The Crosstown COVID Tracker

Hospitalizations fall to levels not seen in months, though worries remain

Illustration of 2 women, 1 masked


When it comes to the coronavirus, the mood in Los Angeles County can be summed up in two words: cautious optimism. Actually, make that three words: very cautious optimism. 


The optimism comes from metrics and case numbers that continue to improve. On Wednesday, the seven-day average of new cases was 687. That’s a 2.3% decrease from one week prior. At the end of January, the seven-day average was 30,878. 


Weekly COVID-19 cases in Los Angeles County, Feb. 23-March 29

Five weeks of COVID cases


The caution stems from the gradually increasing and highly contagious BA.2 subvariant, which is now the dominant COVID-19 strain in the United States. The Los Angeles County Department of Public Health on Wednesday pointed to the rising threat, again urging people to get vaccinated and boosted. 


Speaking of boosters, on Tuesday the U.S. Food and Drug Administration authorized a second booster dose of Pfizer and Moderna vaccines for people 50 and older. The shot, which can be taken four months after the last inoculation, would mean this group could have a fourth jab.


The Crosstown COVID Tracker helps you stay up to date on the latest and most important data on infections, inoculations and general risk. Information on cases in individual communities is available on the Crosstown coronavirus interactive map.


Declining deaths

The 587 infections diagnosed on Wednesday means that new daily cases in Los Angeles County have remained below 1,000 for two weeks. It remains to be seen if this will be a low point before an increase due to BA.2. 


Deaths continue to descend from the heights of the Omicron surge. On Wednesday, the Department of Public Health reported 27 COVID-19 fatalities. The seven-day average of deaths on Wednesday was 19. Last week it was 25.


Weekly COVID-19 deaths in Los Angeles County, Feb. 23-March 29

Bar chart of weekly COVID-19 deaths


A shrinking number of hospitalizations is a strong indicator for the regional healthcare system. On Wednesday, 325 people in Los Angeles County were hospitalized with COVID-19, the lowest figure since July 8.


Two months ago, there were 3,852 COVID-positive individuals in county hospitals. 


COVID-19 hospitalizations in Los Angeles County, Jan. 1-March 29

Hospitalizations related to COVID-19 in Los Angeles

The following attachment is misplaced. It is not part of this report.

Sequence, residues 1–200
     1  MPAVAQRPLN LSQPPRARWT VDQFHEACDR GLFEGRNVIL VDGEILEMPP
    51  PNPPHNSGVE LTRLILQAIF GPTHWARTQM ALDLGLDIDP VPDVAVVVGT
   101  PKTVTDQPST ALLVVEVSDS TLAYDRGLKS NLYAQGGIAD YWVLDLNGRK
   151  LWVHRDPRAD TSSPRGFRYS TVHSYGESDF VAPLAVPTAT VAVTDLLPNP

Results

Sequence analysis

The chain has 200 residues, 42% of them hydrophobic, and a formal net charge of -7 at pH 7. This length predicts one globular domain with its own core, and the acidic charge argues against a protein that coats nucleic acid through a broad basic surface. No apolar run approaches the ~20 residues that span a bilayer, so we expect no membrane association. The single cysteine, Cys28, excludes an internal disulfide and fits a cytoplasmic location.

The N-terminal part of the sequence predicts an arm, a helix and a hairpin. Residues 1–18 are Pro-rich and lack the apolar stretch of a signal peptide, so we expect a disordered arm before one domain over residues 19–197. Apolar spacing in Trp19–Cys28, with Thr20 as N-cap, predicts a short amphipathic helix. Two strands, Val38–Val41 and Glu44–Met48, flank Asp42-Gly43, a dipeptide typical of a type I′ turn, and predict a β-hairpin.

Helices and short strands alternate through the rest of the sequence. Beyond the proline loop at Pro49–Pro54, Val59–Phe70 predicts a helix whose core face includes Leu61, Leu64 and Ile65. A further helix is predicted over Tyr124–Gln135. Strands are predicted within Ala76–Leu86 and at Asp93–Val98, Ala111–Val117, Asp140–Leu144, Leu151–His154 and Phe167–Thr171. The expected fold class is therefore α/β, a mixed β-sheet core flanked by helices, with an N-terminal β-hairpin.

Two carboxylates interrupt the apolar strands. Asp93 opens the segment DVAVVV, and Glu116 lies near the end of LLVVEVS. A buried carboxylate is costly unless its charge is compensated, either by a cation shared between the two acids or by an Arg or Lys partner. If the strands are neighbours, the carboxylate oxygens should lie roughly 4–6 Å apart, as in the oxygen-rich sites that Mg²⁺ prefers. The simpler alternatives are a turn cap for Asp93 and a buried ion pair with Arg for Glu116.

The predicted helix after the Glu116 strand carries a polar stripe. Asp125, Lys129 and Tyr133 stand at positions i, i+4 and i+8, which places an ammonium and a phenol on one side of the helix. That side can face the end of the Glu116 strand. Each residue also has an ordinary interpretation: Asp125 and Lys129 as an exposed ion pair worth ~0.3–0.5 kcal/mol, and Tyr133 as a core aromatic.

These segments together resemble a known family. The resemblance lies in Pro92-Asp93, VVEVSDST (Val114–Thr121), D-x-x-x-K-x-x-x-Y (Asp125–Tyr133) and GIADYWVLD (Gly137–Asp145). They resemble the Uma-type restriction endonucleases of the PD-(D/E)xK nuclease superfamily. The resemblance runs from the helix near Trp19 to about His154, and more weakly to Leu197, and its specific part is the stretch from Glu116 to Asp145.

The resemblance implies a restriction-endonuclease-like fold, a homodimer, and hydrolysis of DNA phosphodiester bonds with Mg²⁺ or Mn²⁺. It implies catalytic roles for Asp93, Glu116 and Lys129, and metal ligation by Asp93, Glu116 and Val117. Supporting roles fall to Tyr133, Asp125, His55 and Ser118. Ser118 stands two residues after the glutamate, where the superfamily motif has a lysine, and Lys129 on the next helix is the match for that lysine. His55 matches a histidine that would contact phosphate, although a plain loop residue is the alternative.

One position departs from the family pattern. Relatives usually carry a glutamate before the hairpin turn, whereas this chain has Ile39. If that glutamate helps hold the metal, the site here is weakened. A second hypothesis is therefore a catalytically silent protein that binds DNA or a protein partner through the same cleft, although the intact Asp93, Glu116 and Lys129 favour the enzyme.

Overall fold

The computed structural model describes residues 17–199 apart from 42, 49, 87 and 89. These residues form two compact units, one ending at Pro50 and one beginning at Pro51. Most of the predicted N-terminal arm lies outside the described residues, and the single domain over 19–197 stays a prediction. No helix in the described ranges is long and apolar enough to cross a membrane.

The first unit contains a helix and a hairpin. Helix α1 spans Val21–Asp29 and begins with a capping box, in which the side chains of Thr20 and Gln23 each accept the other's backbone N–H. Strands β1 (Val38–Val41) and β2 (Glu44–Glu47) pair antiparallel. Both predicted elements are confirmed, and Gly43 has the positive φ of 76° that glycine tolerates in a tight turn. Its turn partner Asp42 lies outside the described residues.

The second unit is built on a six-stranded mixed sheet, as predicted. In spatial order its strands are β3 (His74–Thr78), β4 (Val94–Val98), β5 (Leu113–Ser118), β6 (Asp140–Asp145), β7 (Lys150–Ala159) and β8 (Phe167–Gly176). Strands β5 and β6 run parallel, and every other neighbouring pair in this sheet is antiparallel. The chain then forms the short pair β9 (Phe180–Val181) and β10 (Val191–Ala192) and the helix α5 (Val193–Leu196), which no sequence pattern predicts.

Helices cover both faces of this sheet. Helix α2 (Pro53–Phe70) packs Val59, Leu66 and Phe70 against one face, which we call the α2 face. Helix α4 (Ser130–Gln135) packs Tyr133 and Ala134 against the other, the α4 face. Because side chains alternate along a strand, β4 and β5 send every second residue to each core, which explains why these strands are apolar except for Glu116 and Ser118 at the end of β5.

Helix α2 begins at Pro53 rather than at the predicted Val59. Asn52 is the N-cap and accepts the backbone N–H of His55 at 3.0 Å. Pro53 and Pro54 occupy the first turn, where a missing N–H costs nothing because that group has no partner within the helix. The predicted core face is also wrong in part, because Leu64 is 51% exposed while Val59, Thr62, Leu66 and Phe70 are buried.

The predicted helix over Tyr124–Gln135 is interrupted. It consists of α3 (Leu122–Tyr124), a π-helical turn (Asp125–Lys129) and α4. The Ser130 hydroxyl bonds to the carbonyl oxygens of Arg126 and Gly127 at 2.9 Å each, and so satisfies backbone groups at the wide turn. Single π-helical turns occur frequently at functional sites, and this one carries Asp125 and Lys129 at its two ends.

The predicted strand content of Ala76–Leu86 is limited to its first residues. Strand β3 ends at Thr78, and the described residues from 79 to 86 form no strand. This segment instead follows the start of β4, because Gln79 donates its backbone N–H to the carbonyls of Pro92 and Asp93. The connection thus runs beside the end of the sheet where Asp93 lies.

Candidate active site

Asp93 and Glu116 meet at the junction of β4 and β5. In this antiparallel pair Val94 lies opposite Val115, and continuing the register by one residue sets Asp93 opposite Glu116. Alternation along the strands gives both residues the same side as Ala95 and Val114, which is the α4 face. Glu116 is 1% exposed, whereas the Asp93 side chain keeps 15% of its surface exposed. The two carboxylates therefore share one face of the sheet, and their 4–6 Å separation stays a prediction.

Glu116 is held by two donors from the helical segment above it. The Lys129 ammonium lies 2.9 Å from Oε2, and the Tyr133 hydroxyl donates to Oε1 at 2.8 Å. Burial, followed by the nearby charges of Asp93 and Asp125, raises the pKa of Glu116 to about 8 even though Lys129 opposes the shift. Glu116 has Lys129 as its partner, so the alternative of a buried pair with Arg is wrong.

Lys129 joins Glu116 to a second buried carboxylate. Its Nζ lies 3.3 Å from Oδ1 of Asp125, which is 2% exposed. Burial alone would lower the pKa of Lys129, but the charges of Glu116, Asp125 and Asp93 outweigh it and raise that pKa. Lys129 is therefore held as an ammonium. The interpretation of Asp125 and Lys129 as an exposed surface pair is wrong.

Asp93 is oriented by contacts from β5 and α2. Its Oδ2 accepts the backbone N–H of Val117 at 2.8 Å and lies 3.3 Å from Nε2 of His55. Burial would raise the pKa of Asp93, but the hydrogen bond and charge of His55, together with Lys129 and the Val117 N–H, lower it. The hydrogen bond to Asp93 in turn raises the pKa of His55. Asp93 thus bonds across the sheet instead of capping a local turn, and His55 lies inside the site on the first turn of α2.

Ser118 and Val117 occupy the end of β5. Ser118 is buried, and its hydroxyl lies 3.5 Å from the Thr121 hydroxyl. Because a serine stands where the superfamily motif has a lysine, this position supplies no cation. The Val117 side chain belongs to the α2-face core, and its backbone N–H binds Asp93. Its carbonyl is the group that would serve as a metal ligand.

Community transmission also remains at a low level. The daily test-positivity rate in the county Wednesday was 0.9%. The last time the figure was north of 1% was March 4.


As has been the case for months, the rate is even lower on Los Angeles Unified School District campuses, where students and staff are tested each week. From March 23-29, the LAUSD identified 384 positive results among 271,354 tests administered. This works out to a 0.14% positivity rate. 


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Vaccines remain vital

Despite continued pleas for everyone to get vaccinated and boosted, the local inoculation level appears to have plateaued, and relatively few new people are getting jabbed. There were only 4,760 second doses administered over the last week.


Additionally, relatively few people are taking advantage of the extra shot. Out of the nearly 10 million county residents, just 3.72 million have received an additional dose. 


Altogether, 18,130,179 shots have gone into county residents’ arms. This time last year, 4,013,521 jabs had been administered, and 26.8% of individuals 12 and up had received at least one shot. 


According to the State of California’s COVID-19 tracking page, from March 7-13, unvaccinated residents were 4.2 times more likely to contract COVID-19 than boosted individuals. Additionally, from Feb. 28-March 6, unvaccinated people were 11 times more likely to die from COVID-19 than boosted residents. 


Through March 24, 83% of county residents 5 and up had received at least one dose of the vaccine. Nearly 75% of them are fully vaccinated. 


How we did it: We analyzed coronavirus data related to new cases, deaths, hospitalizations and vaccinations provided by the Los Angeles County Department of Public Health, as well as data from the Los Angeles Unified School District.


Interested in our data? Check out the Crosstown coronavirus interactive map or email